Our Big Motorhome Adventure - Chapter 4, Part 2: La Manga and Beyond

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Chapter 4:  Part 2 - La Manga and Beyond

We finally got to La Manga Camping, which is on the La Manga del Mar Menor (meaning "The Sandbar of the Minor Sea"), on the booked date of 15th December, and with slight trepidation having got the earlier text from Ann (see Part 1), booked in to the site. The staff were friendly and helpful and there was a pleasant business about the place.

La Manga - view over Mar MenorOnce booked in we found our way down the main ‘street’ to the Camping and Caravanning warden’s HQ. We later discovered that this ‘street’ was responsible for the ‘white water rafting’ comment from Ann as it flooded every time there was a torrential downpour of rain, of which there were quite a few.

Peter and Joan, the Camping and Caravanning Club Wardens were the friendliest, most helpful and knowledgeable people you could hope to meet and explained to us that we had a choice of pitches, but that unfortunately the ones nearest HQ were already taken, so we would have to camp a little further away. We, still in our ‘suspicious of enforced jollity’ mind, were secretly pleased as we didn’t want to get dragged in to bingo or anything of that nature, and quite happily chose a pitch towards the end of the Club’s rally site.

As it turned out, these pitches were perfectly decent but were a bit out of the fun which we later realised we would have enjoyed.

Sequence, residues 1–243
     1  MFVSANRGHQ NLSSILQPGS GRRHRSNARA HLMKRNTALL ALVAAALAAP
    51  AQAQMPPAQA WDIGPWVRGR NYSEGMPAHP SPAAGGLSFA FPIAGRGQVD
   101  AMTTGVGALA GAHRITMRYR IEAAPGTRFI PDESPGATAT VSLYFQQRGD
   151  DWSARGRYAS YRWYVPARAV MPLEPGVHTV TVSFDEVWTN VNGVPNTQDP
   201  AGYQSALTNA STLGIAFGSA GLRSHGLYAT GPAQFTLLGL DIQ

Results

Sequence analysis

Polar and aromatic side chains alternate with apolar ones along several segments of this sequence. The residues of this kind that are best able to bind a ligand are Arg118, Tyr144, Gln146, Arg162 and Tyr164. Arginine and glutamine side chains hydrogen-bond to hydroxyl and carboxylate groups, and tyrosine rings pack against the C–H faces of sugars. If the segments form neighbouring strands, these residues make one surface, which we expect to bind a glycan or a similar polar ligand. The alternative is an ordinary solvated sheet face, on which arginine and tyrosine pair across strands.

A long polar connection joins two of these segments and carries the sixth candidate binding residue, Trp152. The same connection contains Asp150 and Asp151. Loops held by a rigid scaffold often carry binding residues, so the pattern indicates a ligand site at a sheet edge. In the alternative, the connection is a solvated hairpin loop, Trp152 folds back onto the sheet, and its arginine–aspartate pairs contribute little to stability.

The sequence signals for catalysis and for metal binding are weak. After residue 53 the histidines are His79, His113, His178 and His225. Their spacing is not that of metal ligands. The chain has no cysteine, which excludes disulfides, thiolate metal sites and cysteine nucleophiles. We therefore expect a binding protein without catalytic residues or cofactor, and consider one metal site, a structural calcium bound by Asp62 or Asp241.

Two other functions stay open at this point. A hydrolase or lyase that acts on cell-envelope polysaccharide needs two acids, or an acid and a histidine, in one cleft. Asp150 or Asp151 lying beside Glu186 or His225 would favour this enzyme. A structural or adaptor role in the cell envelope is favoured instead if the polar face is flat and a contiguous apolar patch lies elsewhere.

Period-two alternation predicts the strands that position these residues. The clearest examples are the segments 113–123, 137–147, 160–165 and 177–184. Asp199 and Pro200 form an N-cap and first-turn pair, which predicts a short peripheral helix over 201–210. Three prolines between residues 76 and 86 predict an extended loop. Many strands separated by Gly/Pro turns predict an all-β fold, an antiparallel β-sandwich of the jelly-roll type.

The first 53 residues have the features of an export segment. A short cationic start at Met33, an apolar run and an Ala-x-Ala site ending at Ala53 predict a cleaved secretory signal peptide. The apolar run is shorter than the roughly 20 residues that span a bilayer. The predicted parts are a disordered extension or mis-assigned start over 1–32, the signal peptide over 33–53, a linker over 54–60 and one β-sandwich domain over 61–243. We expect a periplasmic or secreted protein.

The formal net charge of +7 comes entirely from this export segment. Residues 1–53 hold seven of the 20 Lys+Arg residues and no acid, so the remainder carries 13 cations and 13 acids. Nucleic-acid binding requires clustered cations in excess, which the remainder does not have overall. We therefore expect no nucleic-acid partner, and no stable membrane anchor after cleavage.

We settled in and a few hours later a couple from Milton Keynes, Debbie and Alan arrived. I’d met them at Reception when I’d gone back to get some information on the Launderette. They’d had a difficult journey, having missed the turning off the dual carriageway which made them have one of their rare arguments (on the lines of ‘I told you to turn left’ and ‘no you didn’t’) so by the time they got in to reception they were a bit frazzled to say the least.

Like us they were new to motorhoming and rallying, and a bit unsure about it, so when they finally pitched their van next to us we were pleased to meet a couple who have turned out to be kindred spirits and have since become firm friends.

So, what to say about the rally? We decided to join in everything and just get on with enjoying ourselves, which we did; from putting up the Xmas decorations in the Club room, to joining the Christmas Dinner and New Year’s Eve party and going on the coach trips to Benidorm, Murcia and Cartagena.. Benidorm, by the way, was much nicer than we’d thought it would be. It has a beautiful, palm tree lined promenade with good quality bars and restaurants and an old town where we got a good traditional Spanish meal in a small restaurant where the owners didn’t speak English. I’d definitely go there for a winter break another time.

MojacarAlthough we’re not very religious people we enjoyed the outside Carol Concert on Christmas morning, it made it seem a more special time as we were all away from family.  Unfortunately Peter and Joan didn’t really have loud enough voices to get everybody together so eventually John helped out by leading the singing.  He’s always wanted to be a rock star and has been in local bands, although this was a bit different it did satisfy his need to ‘entertain’. Everyone seemed to appreciate it and people afterwards asked if he was a teacher (which he is). One lady took me aside and said discretely, that she knew his secret. When I looked puzzled she said ‘he must be a vicar on holiday, but she wouldn’t tell anyone’. I tried to let her down gently as there aren’t many people less likely to be a vicar than John!